Parish the Thought: An Inspirational Memoir of Growing Up Catholic in

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Simon and Schuster, Aug 16, 2011 - Biography & Autobiography - 288 pages
3 Reviews
In a warm and affectionate narrative that "transports readers back to a time before cable television, cell phones, and the Internet" (Atlanta Journal-Constitution), John Bernard Ruane paints a marvelous portrait of his Irish-Catholic boyhood on the southwest side of Chicago in the 1960s. Capturing all the details that perfectly evoke those bygone days for Catholics and baby boomers everywhere, Ruane recounts his formative years donning the navy-and-plaid school uniform of St. Bede's: the priests and nuns; bullies, best friends, and first loves; and most memorable teachers -- including the miniskirted blonde who inspired lust among the fifth-grade boys but was fired for protesting the Vietnam War. Here are stories from the heart of his hardworking, blue-collar family: the good times and bad; sibling rivalries; summers by the lake; delivering newspapers in the frigid Chicago winter; the fire that destroyed the family home; and the loss of their beloved mother to cancer. And here are priceless accounts of Ruane's days as an altar boy: from an embarrassing bell-ringing mishap, to serving a strict pastor who built a magnificent church but couldn't inspire Christian spirit, to the Heaven-sent guitar-playing priest who turned worship around for a generation of youth.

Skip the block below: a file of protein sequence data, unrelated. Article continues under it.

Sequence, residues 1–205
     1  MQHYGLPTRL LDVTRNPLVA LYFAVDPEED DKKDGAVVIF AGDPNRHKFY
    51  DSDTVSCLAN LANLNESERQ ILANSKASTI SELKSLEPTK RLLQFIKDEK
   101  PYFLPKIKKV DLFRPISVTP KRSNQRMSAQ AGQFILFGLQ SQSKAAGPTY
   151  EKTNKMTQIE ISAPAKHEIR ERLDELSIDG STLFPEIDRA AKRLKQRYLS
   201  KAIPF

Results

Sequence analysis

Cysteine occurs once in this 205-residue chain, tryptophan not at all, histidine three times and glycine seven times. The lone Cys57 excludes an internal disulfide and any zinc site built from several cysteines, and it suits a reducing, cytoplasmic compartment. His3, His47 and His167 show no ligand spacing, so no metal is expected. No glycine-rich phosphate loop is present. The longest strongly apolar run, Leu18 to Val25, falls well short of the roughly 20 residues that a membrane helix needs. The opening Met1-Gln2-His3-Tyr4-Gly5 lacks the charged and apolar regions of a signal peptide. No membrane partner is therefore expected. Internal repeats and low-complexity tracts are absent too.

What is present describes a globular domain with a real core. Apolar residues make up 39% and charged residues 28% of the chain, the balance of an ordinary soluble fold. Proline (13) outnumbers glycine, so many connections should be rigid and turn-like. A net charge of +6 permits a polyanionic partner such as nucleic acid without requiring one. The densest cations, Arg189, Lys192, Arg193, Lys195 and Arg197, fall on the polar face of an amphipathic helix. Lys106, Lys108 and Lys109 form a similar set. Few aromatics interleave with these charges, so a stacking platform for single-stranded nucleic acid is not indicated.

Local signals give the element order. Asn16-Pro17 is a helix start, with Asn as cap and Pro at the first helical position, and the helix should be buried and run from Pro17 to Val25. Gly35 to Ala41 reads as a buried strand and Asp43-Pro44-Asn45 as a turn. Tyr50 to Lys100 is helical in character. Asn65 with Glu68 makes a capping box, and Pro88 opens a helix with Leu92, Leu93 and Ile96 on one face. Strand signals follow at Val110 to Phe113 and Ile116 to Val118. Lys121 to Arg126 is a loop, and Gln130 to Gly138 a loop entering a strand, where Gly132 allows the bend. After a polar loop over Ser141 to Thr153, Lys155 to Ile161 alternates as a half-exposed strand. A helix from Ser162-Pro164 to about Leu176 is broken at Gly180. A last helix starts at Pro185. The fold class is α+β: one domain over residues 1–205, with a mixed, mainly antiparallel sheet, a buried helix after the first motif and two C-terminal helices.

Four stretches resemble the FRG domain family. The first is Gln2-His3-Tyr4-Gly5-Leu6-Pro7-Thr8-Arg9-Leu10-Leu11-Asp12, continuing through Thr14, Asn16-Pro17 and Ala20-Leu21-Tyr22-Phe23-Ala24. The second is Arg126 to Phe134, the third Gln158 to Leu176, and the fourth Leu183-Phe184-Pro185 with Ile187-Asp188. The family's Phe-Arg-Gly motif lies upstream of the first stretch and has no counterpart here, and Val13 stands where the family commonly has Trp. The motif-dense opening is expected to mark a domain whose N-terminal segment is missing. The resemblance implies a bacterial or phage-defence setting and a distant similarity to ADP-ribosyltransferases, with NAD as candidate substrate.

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Review: Parish the Thought: An Inspirational Memoir of Growing Up Catholic in the 1960s

User Review  - Shirley - Goodreads

This was an entertaining Memoir about a Catholic boy who grew up in 1960's Chicago. My brother was an alter boy in the 1970's, so I could connect with some of what he talked about. The story is not without its happy and sad moments. I would recommend it as a nostalgic look at the past. Read full review

Review: Parish the Thought: An Inspirational Memoir of Growing Up Catholic in the 1960s

User Review  - Goodreads

This was an entertaining Memoir about a Catholic boy who grew up in 1960's Chicago. My brother was an alter boy in the 1970's, so I could connect with some of what he talked about. The story is not without its happy and sad moments. I would recommend it as a nostalgic look at the past. Read full review

Contents

Two First Communion
8
Three The First Step
17
Five First Mass
32
Six A Blessed Singing Star
40
Seven The Bells Are Ringing
50
Nine An Early Happy Hour
62
Ten Sunday Mass
69
Eleven Miss Pasco
75
Seventeen The Good People
130
Eighteen Confirmation of Faith
136
Nineteen Hoop Days
147
Twenty First Love
158
Twentyone Enter Father Richard
170
Twentytwo Band of Bullies
177
Twentyfour Making Money
196
Twentysix Twentyseven The War Hits Home 212 Devoted Teachers
217

Twelve Thou Shall Not Fight
85
Thirteen Writing on the Wall
96
Fourteen Unblessed Act
105
Fifteen A Tragic Day
111
Sixteen The Seminarians
120
Thirty A Farewell to St Bedes
237
Thirtytwo Oak Forest Hospital
252
Thirtyfour Return to Church
266
Copyright

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About the author (2011)

John Bernard Ruane wrote for the Chicago Sun-Time for nearly a decade, the paper he first delivered as a boy.  He has also written five plays all produced in his home town of Chicago.  His short film Comedy on Rye won the Illinois FilmCam Award.  For the past fifteen year, he has owned an operated a marketing and communications company and coached youth sports.  He and his wife Charlotte recently celebrated his twenty-fifth wedding anniversary.  They have four children and reside in Roswell, Georgia.

 

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